The liberal arts include subjects in the humanities, social sciences, physical sciences, and mathematics, as opposed to pre-professional and technical subjects. Earning a liberal arts degree can open the door to a wide variety of career opportunities, traditionally in fields such as journalism, advertising, and teaching. But a liberal arts degree can also lead to careers in some unexpected industries, such as business, financing, and technology. For example, former Starbucks CEO Howard Schultz earned his bachelor’s degree in communications; former Hewlett-Packard CEO Carly Fiorina has a Bachelor of Arts degree in medieval history and philosophy; and YouTube SEO Susan Wojcicki majored in history and literature.
A liberal arts education provides more than just subject education. It encourages students to sharpen skills such as critical thinking, communication, and creativity. In fact, liberal arts majors are in demand for openings in roles such as business development manager, intelligence analyst, and client service specialist, according to Forbes.
This article will explore the plethora of careers potentially available to graduates with a liberal arts degree and the skills liberal arts majors need to hone in order to help them succeed professionally.
Consider the Value of a Liberal Arts Degree
Liberal arts students can acquire a variety of skills during their studies and may find satisfying and lucrative work in a wide range of industries, as highlighted below.
Skills Acquired in a Liberal Arts Program
- Critical thinking and collaboration. Many of America’s most prestigious universities prepare students for postgraduate life by emphasizing a liberal arts program that teaches critical thinking, communication, and collaboration.
- Emotional and social intelligence. Many experts predict that as traditional jobs become automated, the skills needed in the “higher echelons” of the workforce will be networking, public relations, and other skills that require the emotional and social intelligence only humans possess.
Liberal Arts Majors’ Value in the Workplace
- Why the Tech Industry Values Liberal Arts Majors. This Harvard Business Review article explains why liberal arts majors are the future of the tech industry.
- Most Desired Employers for Liberal Arts Majors. Business Insider surveyed nearly 23,000 students with a liberal arts background, asking them to choose the five employers they’d most like to work for and compiling a list of the top 50 choices. The top spot goes to the Walt Disney Corporation, followed by the United Nations, Google, the FBI, and National Geographic.
Explore Career Opportunities With a Liberal Arts Degree
What can you do with a liberal arts degree? More than many people realize. There are the “typical” careers for liberal arts majors; for example, recent survey results analyzed by a professor from Northeastern University indicated that most English majors go on to become teachers, while a fair number become lawyers, judges, or college professors.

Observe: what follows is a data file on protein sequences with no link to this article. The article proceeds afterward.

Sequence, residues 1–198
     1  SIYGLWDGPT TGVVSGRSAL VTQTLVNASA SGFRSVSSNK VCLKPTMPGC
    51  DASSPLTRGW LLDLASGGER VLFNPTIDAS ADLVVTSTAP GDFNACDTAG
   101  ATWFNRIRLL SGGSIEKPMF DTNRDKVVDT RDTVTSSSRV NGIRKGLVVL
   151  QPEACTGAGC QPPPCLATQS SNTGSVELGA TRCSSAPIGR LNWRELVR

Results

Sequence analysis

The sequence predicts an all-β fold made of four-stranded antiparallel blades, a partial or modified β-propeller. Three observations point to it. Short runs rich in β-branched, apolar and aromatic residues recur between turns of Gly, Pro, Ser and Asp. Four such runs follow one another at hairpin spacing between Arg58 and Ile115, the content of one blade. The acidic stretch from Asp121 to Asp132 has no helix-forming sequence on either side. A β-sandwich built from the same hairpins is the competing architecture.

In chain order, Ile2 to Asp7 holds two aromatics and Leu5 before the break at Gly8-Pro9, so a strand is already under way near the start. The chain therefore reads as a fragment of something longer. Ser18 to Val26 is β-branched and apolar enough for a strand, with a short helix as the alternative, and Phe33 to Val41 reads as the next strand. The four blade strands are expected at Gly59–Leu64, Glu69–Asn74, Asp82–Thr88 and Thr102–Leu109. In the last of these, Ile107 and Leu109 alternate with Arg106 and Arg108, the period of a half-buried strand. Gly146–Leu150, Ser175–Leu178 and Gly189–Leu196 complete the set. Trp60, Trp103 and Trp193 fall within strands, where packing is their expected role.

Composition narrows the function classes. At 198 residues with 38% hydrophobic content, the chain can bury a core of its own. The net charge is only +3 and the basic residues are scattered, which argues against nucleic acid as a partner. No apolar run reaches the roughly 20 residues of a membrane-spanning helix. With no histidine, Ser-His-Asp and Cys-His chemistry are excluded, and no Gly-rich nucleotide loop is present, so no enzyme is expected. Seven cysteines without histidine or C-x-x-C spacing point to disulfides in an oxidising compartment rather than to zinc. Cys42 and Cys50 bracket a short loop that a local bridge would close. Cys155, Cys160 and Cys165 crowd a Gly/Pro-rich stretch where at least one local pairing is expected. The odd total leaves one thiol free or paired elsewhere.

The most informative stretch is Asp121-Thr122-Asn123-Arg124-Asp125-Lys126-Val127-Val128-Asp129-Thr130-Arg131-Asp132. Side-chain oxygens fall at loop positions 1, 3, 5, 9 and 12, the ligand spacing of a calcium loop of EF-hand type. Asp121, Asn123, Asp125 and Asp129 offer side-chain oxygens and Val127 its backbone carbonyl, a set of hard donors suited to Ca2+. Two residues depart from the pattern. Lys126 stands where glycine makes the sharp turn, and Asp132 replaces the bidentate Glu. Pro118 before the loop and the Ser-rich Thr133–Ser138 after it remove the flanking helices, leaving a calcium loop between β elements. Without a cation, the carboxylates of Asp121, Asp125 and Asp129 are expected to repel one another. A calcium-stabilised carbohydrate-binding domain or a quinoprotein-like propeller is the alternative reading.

What often goes unnoticed, though, is that many graduates with English and other liberal arts degrees work as financial analysts, marketing specialists, and executives. “Multidisciplinary thinking and collaboration are so important,” Maria Elavumkal, head of talent in marketing and communications at IBM, told Fortune magazine. “You need people with a broad set of skills and experiences, not just tech skills, to solve complex problems.”
According to Forbes Magazine, companies such as Department of Homeland Security contractor Leidos, American Express, and the Hartford Financial Services Group are recruiting liberal arts majors for positions such as signals intelligence (SIGINT) analyst, client service specialist, and project manager.
Potential Careers by Major
The critical thinking, problem-solving, and communication skills liberal arts students gain while working toward their degrees can help open up myriad career opportunities. The BLS breaks down information about the most common career fields for many popular majors.
- For example, history majors work mostly as teachers, managers, and paralegals.
- Communications majors end up as marketing and sales managers, customer service representatives, and human resources specialists, among other careers.
- Tech firms Apple, Airbnb, and Puppet Labs were all founded by liberal arts majors, and these and other tech firms are recruiting liberal arts majors to join their teams.
- Wondering what you can do with a liberal arts degree? Top employers of fine arts majors include Apple, Target, and Starbucks, while many English majors work for IBM, Hewlett-Packard, and Microsoft, according to LinkedIn.
While tech seems to have taken over the job market, and nearly 25 percent of all undergraduates get a degree in either business or engineering, there are plenty of opportunities within the tech and business industries for liberal arts majors. A liberal arts degree typically teaches students research, communication, and analytical thinking skills, opening the door for a wide array of postgraduate career opportunities in many industries.
Earn Your Liberal Arts Degree at Maryville University
If you’re interested in the valuable skills gained through liberal arts programs and the myriad opportunities it can lead to, learn more about Maryville University’s online liberal arts degrees.